Shrunken heads: How Amazonian tribes shrunk their enemies’ heads

Shrunken heads are a somewhat alien concept to modern society, yet it is believed they were still being produced during much of the 20th century. The only recorded examples of head shrinking are in South America by Jivaroan tribes in Peru and Ecuador.

Tribesmen shrunk people’s decapitated heads due to their belief of a vengeful spirit, or muisak, inhabiting the body. To stop this spirit and to gain power over the victim’s soul, the hunters removed their enemies’ heads and shrank them. First, the warriors would remove the skin and hair from the skull, and seal the eyes and lips shut with pegs. The head skin would then be boiled for half an hour, shrinking it to around a third its original size.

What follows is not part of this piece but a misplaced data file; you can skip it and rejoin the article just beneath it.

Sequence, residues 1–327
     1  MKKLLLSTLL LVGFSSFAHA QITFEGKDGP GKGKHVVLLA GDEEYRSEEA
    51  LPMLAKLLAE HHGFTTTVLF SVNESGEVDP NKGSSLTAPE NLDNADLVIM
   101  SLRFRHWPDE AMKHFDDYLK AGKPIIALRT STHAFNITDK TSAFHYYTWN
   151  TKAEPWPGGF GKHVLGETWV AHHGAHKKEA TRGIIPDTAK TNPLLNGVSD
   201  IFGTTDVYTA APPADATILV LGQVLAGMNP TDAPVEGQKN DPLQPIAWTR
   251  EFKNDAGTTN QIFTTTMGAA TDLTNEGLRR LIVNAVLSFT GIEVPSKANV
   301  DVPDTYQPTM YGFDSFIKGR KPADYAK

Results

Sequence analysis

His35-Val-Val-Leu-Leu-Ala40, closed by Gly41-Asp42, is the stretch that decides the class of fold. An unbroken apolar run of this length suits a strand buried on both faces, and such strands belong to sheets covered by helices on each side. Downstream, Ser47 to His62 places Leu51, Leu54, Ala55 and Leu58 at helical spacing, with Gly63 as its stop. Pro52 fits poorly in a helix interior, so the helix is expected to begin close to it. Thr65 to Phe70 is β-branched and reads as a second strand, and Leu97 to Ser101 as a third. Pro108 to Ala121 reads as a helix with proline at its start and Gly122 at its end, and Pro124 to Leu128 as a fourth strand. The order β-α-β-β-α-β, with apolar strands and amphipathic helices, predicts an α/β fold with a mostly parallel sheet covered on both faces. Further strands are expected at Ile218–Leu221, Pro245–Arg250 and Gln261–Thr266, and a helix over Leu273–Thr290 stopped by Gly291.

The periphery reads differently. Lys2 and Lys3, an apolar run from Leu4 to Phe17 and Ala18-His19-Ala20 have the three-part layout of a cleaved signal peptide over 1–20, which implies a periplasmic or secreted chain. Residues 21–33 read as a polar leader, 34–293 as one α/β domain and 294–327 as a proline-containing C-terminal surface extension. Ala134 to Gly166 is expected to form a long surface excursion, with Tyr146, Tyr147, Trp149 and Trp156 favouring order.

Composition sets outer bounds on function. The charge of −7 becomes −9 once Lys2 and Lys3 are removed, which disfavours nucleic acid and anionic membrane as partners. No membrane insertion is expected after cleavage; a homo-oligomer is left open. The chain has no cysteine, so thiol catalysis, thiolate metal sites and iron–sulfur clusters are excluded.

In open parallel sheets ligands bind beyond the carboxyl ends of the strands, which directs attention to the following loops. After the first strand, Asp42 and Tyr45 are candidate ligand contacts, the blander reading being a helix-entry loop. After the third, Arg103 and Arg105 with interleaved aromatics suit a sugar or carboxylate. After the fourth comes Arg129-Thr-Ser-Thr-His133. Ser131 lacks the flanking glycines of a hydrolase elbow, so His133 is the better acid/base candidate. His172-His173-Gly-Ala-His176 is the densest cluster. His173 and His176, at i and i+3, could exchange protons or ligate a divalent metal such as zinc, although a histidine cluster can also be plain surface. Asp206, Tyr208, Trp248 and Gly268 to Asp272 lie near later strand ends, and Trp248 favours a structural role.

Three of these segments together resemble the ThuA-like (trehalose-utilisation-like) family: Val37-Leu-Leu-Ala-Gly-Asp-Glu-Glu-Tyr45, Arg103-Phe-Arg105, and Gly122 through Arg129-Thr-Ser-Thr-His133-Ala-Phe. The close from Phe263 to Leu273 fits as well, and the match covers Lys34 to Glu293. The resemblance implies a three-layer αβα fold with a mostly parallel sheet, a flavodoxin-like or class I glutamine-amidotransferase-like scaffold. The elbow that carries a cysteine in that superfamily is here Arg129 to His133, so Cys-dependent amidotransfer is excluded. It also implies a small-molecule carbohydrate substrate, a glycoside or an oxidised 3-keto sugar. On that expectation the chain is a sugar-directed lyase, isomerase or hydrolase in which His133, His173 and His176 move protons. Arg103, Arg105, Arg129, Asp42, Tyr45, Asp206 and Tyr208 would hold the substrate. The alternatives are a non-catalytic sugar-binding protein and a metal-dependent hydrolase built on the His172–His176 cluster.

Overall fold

The West’s demand for collecting shrunken heads in the early-20th century caused tribes to increase their kill rate


The eyes and lips were then sealed more tightly by being sewn shut with woven fibre. By filling the head with hot stones and sand through the hole at the base of the neck, it was possible to shrink it even further until the desired size was achieved. The finished product was typically worn around the warrior’s neck, signifying victory in battle.

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